Archives for gardening

#Familyhistory Was your relative a #gardener at a country house?

We are all familiar with the life upstairs downstairs at a great house thanks to Downton Abbey and Gosford Park. What is less familiar is the outside job of gardener to a wealthy family. The life is governed by the seasons and has evolved from a menial task to a highly skilled and qualified position. Gardeners have been employed to grow fruit, vegetables and to manage sometimes huge formal gardens, since Tudor times. And many more intrepid men and women changed gardening into what it is we recognise today. For example, father and son gardeners John and John Tradescant [below] travelled the world collecting plant specimens. John the father sailed to the Arctic Circle and fought Barbary pirates on the coast of Algeria. His son John sailed to America. Father and son were both, in turn, appointed Royal Gardener. So, having a gardener in your family tree could be very interesting! Where to search for your relative Gardeners employed at large houses should be found in the wages books, garden accounts or the  records of estate management. Start first at the National Archives Discovery catalogue. Also try regional trade directories, the autobiographies of landowners and histories of stately homes. Try local newspapers
Read More

Categories: Family history research.

A poem to read in the bath… ‘Tulips’

Anyone who enjoys gardening understands this poem, the feeling of planning for a garden of the future, digging, sowing, hoping, and then the temporary feeling of joy when the flowers appear. To be replaced again by the annual cycle of planning, digging and sowing. Wendy Cope obviously has a garden. Because of copyright restrictions I am unable to reproduce the poem in full, but please search it out in an anthology or at your local library. ‘Tulips’ Months ago, I dreamed of a tulip garden, Planted, waited, watched for their first appearance, Saw them bud, saw greenness give way to colours, Just as I’d planned them.   ‘If I Don’t Know’ by Wendy Cope [UK: Faber]  Read these other excerpts, and perhaps find a new poet to love:- ‘The Boy Tiresias’ by Kate Tempest ‘The Roses’ by Katherine Towers ‘Elegy of a Common Soldier’ by Dennis B Wilson And if you’d like to tweet a link to THIS post, here’s my suggested tweet: A #poem to read in the bath: ‘Tulips’ by Wendy Cope via @SandraDanby SaveSave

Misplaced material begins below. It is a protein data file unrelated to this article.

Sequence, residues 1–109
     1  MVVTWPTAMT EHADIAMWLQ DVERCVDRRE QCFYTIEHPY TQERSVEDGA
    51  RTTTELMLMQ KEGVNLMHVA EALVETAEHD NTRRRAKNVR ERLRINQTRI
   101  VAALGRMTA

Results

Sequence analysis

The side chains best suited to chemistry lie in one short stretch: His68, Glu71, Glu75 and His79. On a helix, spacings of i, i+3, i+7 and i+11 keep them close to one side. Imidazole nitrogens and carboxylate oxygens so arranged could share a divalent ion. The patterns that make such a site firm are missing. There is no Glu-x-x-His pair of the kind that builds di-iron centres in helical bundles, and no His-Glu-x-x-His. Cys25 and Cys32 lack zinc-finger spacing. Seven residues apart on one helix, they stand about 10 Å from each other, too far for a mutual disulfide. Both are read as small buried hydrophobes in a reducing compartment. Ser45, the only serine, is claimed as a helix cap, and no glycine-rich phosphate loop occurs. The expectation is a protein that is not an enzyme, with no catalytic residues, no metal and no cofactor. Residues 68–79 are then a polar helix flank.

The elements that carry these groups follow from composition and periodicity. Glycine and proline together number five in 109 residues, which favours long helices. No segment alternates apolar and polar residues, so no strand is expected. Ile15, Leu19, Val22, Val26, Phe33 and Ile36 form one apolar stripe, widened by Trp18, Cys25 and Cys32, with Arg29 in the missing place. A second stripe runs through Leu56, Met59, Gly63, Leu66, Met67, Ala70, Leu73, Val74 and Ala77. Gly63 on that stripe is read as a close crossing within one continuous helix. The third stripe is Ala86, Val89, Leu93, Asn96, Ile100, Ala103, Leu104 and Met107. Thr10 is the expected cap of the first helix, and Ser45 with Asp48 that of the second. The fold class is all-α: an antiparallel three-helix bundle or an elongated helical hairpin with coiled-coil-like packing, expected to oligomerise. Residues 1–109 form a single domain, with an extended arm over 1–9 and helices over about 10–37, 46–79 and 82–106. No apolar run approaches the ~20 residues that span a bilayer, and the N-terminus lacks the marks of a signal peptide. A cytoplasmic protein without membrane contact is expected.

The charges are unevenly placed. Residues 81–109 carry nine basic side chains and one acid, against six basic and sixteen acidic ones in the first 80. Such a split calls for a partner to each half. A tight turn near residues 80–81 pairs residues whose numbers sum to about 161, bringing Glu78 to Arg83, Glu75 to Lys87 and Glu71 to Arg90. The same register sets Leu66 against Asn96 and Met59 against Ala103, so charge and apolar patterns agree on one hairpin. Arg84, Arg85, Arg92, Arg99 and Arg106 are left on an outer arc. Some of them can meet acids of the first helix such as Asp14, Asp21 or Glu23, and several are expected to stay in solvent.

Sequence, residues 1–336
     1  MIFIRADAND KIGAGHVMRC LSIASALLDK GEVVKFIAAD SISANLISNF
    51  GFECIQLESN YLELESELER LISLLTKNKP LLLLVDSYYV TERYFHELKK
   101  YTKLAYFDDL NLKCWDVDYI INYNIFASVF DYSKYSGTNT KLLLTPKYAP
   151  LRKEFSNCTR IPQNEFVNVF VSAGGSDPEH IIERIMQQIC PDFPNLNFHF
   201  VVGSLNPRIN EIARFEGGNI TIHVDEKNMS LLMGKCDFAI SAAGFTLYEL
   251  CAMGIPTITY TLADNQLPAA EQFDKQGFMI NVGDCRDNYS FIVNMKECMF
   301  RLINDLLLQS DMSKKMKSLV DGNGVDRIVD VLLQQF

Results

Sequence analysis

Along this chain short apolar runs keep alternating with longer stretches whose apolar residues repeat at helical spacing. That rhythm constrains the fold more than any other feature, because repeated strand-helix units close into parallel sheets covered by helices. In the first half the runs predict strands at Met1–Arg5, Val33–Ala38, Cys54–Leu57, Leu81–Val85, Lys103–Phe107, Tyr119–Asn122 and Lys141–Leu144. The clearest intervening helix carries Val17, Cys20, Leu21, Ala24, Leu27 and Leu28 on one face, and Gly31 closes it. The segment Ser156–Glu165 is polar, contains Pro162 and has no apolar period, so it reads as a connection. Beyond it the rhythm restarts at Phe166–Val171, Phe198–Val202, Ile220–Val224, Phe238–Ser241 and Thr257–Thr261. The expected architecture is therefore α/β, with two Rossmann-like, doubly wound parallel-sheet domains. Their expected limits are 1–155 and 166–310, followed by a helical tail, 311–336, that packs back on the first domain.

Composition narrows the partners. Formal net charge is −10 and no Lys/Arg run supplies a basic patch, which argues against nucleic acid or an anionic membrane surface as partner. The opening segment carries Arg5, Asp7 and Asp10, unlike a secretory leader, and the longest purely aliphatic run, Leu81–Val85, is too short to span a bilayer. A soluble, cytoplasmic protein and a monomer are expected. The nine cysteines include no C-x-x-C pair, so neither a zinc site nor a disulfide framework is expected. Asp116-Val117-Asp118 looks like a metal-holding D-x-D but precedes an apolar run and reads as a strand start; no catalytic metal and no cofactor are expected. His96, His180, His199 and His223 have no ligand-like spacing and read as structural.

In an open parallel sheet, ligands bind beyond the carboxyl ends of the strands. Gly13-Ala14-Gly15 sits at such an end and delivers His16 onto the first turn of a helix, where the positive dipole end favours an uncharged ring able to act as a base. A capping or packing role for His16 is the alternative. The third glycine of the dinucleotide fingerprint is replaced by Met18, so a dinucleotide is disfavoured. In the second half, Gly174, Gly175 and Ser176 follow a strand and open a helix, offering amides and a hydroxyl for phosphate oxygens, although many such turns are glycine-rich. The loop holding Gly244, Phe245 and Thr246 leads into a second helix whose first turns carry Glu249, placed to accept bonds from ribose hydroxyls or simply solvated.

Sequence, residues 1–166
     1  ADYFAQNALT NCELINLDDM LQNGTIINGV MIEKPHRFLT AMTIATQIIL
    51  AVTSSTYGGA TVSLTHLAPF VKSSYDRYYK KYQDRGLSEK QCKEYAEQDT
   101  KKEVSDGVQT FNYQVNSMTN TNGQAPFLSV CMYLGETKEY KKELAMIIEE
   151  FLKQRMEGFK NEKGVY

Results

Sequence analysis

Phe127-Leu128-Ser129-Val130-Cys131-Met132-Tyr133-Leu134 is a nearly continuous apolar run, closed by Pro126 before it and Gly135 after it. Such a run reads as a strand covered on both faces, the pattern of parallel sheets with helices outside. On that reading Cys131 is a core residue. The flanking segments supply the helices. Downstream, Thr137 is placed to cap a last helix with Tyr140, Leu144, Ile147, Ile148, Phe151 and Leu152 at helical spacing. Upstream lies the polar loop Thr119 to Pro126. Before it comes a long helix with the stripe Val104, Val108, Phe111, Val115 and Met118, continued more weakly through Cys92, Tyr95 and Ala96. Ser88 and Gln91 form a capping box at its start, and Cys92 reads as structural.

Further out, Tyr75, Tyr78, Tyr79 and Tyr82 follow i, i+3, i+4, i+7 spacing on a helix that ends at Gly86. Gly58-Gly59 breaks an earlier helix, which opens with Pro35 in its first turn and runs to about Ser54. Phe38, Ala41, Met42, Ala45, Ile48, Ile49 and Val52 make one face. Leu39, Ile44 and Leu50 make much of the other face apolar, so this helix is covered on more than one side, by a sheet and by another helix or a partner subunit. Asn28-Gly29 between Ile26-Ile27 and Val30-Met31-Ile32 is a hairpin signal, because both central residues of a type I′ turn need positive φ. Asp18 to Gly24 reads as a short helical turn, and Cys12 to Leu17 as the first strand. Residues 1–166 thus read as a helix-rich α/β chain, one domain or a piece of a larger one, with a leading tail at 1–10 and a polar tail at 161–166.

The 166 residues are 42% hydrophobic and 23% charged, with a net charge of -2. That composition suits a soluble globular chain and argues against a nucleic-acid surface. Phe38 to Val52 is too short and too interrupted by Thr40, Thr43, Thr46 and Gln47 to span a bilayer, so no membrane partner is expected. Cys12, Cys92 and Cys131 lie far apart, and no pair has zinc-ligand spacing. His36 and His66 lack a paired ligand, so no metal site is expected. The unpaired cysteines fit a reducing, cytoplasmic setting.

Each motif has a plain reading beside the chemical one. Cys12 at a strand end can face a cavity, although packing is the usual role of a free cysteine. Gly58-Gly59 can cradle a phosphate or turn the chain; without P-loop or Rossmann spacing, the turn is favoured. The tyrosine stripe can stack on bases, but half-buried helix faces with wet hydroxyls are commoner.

Read More

Categories: Poetry.